Posted Friday, May 4, 2012, at 3:52 PM
The "jobs number" you see reported in the press is normally the Bureau of Labor Statistics' seasonally adjusted data. It seems to me, however, that for the past few years we've been having a lot of seasonality in the seasonally adjusted series. Roughly speaking, every winter there's been a kind of false dawn that suckers some swathe of the observers into predicting that a self-sustaining accelerating recovery dynamic is now in place. Back in January-February of 2011 and 2010 I was among the skeptics, but early this year I was a leading sucker. Then each spring has come a discouraging deceleration.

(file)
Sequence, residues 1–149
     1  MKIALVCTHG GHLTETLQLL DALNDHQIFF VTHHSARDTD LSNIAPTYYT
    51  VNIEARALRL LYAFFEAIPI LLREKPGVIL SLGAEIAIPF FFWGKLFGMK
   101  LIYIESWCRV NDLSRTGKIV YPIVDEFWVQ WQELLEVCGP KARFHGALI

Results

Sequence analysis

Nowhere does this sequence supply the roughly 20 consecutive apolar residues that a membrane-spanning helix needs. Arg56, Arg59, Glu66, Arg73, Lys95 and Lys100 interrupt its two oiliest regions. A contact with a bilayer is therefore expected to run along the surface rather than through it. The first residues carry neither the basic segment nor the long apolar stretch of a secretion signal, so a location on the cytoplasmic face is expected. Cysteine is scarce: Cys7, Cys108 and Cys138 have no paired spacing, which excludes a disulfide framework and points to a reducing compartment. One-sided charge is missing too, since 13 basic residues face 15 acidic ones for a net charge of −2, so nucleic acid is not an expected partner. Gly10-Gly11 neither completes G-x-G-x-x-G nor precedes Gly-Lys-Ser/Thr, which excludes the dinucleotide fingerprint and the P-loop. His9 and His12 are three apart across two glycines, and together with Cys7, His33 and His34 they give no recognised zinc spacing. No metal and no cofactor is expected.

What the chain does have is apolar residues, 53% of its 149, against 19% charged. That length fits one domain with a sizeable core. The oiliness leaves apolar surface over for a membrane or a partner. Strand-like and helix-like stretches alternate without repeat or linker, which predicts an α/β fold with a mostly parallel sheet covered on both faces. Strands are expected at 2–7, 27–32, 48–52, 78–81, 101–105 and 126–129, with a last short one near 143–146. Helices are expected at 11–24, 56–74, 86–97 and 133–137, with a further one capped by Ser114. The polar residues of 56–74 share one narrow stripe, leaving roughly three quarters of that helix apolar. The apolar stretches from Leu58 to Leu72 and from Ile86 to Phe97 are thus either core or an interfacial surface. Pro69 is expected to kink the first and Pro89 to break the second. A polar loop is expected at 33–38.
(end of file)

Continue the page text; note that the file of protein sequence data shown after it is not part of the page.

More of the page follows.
Under the circumstances, in some respects I think we may get a clearer picture of the trend by looking at the raw data without the statistical adjustment. Since their based on the same data, the basic picture of a slow-but-steady recovery rather than a fast-and-furious one is the same. But arguably what's going on is that the seasonal gyrations just aren't as big as the BLS' model predicts and this is creating an exaggerated sense of optimism each winter.